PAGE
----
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Facebook whistleblower takes jibe at Meta’s Metaverse version

Frances Haugen, a well-known Facebook whistleblower, raised concerns about Meta's handling of privacy and very sensitive material.

In a recent interview, Facebook whistleblower Frances Haugen took aim at Meta, claiming that their version of the Metaverse would simply replicate “all the harms” of Facebook’s previous blunders.

Haugen told Politico in an interview:

“They’ve made very grandiose promises about how there’s safety-by-design in the Metaverse. But if they don’t commit to transparency and access and other accountability measures, I can imagine just seeing a repeat of all the harms you currently see on Facebook.”

Haugen disclosed a bunch of internal and confidential Facebook papers to the Securities and Exchange Commission (SEC) and The Wall Street Journal in 2021. She stated that her time working for Meta (previously known as Facebook) had left her concerned about privacy guidelines. The guidelines allow the corporation to collect data on every element of users’ activities in the Metaverse.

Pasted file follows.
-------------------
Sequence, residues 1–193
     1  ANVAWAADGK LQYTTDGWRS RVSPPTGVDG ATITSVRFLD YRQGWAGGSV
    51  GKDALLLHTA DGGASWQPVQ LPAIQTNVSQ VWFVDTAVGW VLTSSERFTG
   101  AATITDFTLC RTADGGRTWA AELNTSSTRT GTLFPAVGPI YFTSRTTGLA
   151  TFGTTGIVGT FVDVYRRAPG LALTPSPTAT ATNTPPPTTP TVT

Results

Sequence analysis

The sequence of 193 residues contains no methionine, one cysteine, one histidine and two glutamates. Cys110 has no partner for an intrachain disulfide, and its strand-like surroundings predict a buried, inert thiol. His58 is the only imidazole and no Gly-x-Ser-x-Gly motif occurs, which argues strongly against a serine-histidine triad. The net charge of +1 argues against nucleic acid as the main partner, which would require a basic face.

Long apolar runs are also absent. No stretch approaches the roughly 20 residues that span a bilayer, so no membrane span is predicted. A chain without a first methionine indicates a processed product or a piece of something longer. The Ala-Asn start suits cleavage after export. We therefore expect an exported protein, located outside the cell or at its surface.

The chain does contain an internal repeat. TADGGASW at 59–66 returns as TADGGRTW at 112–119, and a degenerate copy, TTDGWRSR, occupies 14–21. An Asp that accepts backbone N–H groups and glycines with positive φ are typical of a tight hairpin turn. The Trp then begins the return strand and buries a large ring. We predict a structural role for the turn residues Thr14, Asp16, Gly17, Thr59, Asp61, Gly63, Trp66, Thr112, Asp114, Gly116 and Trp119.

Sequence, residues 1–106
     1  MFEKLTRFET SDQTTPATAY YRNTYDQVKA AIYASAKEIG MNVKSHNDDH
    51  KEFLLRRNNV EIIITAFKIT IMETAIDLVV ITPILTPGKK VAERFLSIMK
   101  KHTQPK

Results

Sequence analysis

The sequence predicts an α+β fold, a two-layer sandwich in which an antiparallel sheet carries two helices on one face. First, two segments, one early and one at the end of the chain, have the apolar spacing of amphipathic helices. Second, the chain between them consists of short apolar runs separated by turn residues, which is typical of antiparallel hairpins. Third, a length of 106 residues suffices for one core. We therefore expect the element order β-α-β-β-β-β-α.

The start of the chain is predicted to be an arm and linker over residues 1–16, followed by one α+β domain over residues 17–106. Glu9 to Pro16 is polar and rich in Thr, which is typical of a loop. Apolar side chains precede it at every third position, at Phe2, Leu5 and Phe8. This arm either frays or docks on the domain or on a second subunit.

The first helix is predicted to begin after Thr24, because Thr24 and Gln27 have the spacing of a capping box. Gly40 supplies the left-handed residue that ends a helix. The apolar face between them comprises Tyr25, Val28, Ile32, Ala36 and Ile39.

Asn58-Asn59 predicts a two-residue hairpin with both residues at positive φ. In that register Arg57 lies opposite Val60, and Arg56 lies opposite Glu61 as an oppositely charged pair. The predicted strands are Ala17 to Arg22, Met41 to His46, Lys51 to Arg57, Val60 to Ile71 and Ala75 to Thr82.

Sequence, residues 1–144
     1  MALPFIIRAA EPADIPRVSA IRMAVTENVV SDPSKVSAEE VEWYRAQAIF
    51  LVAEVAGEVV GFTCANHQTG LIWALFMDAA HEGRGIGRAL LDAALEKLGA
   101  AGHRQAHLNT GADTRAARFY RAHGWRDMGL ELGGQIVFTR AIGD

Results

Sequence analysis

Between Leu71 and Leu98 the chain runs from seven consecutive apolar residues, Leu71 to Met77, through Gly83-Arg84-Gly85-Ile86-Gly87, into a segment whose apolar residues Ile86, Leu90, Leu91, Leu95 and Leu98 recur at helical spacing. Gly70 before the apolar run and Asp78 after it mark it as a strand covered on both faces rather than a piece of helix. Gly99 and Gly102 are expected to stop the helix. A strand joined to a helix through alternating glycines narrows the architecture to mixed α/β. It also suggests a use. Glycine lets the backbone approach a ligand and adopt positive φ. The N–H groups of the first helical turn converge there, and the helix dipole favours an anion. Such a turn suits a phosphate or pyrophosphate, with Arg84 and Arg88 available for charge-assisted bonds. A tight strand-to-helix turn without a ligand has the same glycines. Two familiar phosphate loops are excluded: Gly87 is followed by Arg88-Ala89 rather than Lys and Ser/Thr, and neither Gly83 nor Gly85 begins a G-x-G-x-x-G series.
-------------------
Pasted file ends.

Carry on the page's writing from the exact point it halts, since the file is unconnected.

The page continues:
Haugen remarked:

“I’m super concerned about how many sensors are involved. When we do the Metaverse, we have to put lots more microphones from Facebook and lots more other kinds of sensors into our homes” 

She added:

“You don’t really have a choice now on whether or not you want Facebook spying on you at home. We just have to trust the company to do the right thing.”

Haugen isn’t the only one who is worried. According to a recent poll, 70% of users do not trust Meta to protect their privacy appropriately.

Andy Yen, CEO of encrypted email provider ProtonMail, is likewise concerned about big tech giants like Meta. In an interview last week, he stated that his own firm, Proton, would only be able to exist because of the goodwill of IT giants.

He stated that tech giants can remove them from the Internet with zero legal or financial repercussions whenever they want.

Yen has previously expressed his fears about Big Tech gaining control of the Metaverse, telling Newsweek last year that Meta was setting a new infrastructure in order to control everything. They have control over the gadgets, they have VR headsets, and you are now in their world, on their devices, on their platform.

Yen stated that, given their track record, he does not feel we should trust Meta with such power and that assurances about privacy in the Metaverse are meaningless unless the company’s commercial model changes.

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Vaishali Goel
Vaishali Goel
Technology enthusiast, explorer and academic scholar. Currently exploring the crypto world. Join me in my journey to see how crypto, NFT and Metaverse will change the world.
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